Yemen's peace process at risk of becoming collateral damage, UN official says

Special envoy says if country's political process is left 'in the waiting room' the consequences could be 'catastrophic'

Houthi supporters take part in a pro-Palestinian protest in Sanaa, Yemen. Reuters
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The UN special envoy for Yemen voiced concerns on Monday over escalating tension in the country, warning the peace process is at risk of becoming “collateral damage” amid wider regional conflict.

“If we leave Yemen’s political process in the waiting room … the consequences could be catastrophic, not only for Yemen, but also for the wider region,” Hans Grundberg told the UN Security Council in New York.

He added that it was a “particularly dangerous moment in the Middle East”.

Mr Grundberg, who has been mediating efforts to secure a lasting ceasefire between the Houthis and the internationally recognised government and initiate a political process, cautioned that the absence of a ceasefire in Gaza and the continuation of hostilities in the Red Sea and Gulf of Aden heighten the risk of further escalation.

Yemen's Iran-backed Houthis have unleashed dozens of attacks against international shipping in the Red Sea since the Israel-Gaza war started in October, claiming they are acting in solidarity with Palestinians.

The US and Britain have been launching strikes since January on Houthi targets in Yemen in response to the attacks, but have failed to stop the rebel group.

The special envoy emphasised the critical nature of recent tension between Iran and Israel, calling for regional co-operation and international support to foster coexistence “based on incremental trust-building, mutual security, and a departure from the zero-sum mentality of achieving victory at the expense of others”.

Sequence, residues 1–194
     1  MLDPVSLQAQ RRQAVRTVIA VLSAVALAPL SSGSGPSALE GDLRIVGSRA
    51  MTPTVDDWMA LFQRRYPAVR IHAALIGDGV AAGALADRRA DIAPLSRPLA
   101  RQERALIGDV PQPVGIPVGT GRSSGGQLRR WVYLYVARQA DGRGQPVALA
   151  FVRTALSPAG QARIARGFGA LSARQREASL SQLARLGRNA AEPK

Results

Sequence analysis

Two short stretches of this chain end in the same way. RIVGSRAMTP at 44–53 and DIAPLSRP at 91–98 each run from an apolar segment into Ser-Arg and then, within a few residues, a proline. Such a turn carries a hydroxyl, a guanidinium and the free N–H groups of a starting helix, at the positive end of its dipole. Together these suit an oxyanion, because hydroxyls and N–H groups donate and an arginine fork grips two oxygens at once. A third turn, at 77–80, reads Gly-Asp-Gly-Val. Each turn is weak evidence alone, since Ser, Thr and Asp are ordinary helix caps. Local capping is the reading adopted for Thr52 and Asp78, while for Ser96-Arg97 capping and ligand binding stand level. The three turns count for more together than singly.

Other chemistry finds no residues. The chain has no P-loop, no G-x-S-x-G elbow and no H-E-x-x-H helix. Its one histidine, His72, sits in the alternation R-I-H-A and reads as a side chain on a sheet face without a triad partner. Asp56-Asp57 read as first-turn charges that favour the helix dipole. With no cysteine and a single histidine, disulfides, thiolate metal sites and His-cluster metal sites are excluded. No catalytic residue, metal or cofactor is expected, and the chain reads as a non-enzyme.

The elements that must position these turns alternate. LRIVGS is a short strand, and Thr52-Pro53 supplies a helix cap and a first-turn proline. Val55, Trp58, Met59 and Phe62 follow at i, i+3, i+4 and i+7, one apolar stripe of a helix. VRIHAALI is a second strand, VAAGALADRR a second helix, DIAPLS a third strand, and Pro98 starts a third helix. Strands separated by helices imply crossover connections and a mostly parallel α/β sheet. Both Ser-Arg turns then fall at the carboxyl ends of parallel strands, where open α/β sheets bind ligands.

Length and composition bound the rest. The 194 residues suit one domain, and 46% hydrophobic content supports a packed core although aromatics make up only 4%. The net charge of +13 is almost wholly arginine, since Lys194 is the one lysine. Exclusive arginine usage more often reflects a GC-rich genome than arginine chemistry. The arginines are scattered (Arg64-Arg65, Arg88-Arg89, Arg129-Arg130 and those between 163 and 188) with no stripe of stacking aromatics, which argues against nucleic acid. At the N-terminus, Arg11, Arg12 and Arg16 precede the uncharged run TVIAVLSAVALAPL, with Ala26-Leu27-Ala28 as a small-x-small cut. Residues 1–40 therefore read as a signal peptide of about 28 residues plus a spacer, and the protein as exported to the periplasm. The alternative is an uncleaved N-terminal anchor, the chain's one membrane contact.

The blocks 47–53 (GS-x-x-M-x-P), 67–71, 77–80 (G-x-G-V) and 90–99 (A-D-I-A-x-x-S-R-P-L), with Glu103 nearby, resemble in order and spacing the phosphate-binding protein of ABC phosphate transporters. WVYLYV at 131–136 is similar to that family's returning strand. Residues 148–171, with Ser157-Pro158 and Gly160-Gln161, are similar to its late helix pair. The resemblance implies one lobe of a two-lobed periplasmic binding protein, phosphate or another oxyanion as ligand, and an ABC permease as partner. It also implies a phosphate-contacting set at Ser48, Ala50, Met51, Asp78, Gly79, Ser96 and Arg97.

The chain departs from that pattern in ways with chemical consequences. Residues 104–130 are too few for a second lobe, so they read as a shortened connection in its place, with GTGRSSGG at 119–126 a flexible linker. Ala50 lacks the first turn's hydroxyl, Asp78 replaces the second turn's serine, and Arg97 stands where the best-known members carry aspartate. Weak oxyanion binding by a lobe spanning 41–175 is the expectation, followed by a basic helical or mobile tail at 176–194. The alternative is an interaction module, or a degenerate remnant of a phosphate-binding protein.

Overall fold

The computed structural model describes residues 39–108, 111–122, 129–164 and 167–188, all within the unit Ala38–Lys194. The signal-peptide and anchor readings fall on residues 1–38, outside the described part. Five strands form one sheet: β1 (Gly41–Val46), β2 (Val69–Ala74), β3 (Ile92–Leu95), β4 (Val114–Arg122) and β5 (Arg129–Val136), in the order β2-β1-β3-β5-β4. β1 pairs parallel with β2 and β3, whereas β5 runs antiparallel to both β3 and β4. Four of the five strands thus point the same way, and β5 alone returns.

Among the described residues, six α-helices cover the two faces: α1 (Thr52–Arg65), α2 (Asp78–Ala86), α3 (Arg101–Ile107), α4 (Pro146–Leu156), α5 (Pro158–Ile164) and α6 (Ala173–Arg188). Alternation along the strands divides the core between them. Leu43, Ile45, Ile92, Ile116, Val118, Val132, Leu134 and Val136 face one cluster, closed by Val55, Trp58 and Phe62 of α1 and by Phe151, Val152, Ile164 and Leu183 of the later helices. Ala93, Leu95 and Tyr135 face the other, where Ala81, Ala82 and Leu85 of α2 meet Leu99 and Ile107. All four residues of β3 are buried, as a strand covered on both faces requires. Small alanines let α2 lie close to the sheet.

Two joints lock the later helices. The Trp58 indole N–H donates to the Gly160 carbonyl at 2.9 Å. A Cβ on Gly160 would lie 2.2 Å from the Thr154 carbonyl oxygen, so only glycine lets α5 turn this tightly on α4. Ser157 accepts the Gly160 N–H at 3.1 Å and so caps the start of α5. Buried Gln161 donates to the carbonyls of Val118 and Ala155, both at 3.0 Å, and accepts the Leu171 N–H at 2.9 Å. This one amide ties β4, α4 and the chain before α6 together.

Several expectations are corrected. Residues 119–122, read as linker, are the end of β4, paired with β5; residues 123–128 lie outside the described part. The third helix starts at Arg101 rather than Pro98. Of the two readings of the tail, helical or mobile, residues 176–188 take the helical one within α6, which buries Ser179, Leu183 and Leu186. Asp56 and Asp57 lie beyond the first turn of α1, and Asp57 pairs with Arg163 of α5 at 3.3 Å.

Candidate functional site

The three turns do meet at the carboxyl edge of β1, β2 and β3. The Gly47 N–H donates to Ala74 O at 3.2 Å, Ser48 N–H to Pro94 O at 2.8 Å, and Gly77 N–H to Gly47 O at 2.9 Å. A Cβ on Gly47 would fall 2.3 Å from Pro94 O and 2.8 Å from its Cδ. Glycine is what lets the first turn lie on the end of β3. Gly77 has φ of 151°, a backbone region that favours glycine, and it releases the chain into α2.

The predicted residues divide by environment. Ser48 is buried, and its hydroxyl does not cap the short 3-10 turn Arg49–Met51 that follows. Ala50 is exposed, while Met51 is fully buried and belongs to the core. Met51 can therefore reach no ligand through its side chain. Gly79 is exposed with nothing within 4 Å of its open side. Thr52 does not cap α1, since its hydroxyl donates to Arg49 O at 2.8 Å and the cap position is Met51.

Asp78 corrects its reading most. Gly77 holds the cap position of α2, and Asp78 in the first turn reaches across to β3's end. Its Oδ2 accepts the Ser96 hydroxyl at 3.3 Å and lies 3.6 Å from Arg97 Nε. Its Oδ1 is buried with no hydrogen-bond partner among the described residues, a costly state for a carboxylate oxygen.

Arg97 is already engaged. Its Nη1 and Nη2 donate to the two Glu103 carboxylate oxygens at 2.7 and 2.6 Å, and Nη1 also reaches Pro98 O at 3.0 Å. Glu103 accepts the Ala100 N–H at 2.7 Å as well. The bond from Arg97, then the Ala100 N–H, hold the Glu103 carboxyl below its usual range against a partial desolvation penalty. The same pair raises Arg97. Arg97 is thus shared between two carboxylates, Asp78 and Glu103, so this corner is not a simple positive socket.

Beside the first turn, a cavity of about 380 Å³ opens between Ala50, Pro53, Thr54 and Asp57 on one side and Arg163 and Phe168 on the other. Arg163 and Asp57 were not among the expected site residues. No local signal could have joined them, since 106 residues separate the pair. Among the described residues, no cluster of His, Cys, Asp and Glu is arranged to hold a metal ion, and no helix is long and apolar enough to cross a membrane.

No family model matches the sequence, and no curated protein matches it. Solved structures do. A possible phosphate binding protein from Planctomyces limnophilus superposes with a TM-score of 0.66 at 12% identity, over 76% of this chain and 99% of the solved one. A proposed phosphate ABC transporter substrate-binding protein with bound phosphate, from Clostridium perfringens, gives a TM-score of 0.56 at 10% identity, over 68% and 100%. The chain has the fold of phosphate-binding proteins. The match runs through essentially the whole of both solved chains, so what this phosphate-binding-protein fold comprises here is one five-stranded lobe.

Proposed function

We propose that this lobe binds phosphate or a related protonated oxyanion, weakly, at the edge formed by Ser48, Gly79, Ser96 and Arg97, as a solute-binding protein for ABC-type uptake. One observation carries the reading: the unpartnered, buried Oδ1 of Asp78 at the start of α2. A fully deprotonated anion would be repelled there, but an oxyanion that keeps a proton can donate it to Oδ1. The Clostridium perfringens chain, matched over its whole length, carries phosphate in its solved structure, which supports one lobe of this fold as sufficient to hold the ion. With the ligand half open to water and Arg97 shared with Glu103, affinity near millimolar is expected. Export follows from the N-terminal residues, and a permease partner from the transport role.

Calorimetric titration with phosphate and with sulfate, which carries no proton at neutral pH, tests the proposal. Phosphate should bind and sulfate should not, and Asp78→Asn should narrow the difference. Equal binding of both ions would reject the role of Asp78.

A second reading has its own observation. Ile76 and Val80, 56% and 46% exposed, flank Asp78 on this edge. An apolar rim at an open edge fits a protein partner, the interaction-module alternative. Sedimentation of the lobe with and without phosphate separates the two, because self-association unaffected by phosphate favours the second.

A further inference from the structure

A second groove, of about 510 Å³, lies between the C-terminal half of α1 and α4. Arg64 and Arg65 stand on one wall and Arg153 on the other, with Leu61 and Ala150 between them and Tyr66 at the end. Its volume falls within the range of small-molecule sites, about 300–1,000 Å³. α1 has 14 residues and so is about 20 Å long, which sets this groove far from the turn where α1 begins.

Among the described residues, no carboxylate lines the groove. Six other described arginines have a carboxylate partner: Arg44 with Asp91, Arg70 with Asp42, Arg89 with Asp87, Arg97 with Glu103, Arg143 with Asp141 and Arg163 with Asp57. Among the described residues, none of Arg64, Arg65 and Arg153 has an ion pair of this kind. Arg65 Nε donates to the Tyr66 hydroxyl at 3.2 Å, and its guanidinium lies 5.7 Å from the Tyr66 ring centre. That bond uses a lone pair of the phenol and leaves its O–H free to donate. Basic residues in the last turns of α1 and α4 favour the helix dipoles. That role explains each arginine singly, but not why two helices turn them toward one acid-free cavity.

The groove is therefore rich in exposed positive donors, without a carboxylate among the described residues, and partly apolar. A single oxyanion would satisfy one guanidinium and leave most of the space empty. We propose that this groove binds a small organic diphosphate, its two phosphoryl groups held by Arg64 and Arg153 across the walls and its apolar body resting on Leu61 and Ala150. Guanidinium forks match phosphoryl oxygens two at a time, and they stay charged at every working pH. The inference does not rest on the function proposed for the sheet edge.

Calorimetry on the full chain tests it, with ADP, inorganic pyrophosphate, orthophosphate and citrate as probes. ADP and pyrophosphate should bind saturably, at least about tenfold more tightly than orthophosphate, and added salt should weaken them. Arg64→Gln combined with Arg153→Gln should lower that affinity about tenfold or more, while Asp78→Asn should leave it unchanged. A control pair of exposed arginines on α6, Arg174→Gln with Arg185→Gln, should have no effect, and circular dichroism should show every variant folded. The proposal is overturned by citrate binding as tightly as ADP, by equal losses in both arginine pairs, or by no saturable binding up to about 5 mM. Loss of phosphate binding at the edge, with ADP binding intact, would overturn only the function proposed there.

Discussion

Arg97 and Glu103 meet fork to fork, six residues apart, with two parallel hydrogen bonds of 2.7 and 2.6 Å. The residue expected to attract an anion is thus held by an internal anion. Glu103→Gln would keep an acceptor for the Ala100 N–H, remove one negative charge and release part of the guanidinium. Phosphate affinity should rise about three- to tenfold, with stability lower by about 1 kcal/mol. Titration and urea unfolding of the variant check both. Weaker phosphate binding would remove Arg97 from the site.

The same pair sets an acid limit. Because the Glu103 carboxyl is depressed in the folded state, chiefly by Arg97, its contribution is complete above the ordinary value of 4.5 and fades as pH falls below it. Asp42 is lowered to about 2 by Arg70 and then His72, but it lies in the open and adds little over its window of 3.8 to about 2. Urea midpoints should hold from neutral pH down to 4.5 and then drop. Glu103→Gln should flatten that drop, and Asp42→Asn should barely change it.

US believes Houthis may have 'bitten off more than they can chew' with Red Sea attacks – video

US believes Houthis may have 'bitten off more than they can chew' with Red Sea attacks

US believes Houthis may have 'bitten off more than they can chew' with Red Sea attacks

On Saturday Iran launched more than 300 missiles and drones at Israel in retaliation for a strike on its embassy compound in Syria on April 1, which killed two top Islamic Revolutionary Guard Corps commanders.

The attack followed months of clashes between Israel and Tehran's regional allies since the war in Gaza began.

The US deputy ambassador to the UN Robert Wood insisted on continuing efforts to demand the Houthis cease their attacks on commercial vessels in the Red Sea.

The US Special Envoy for Yemen Tim Lenderking travelled to Saudi Arabia and Oman earlier this month to continue Washington's intensive diplomatic efforts to halt the attacks in the vital shipping corridor.

Mr Wood underscored the council’s concern regarding the Iranian origin of weapons used by the Houthis and the “continuing violations” of the arms embargo, which is facilitating “reckless attacks”.

He also urged the council to strongly condemn Iran’s “continuous efforts to foment instability and terror in the region”.

Updated: April 15, 2024, 7:19 PM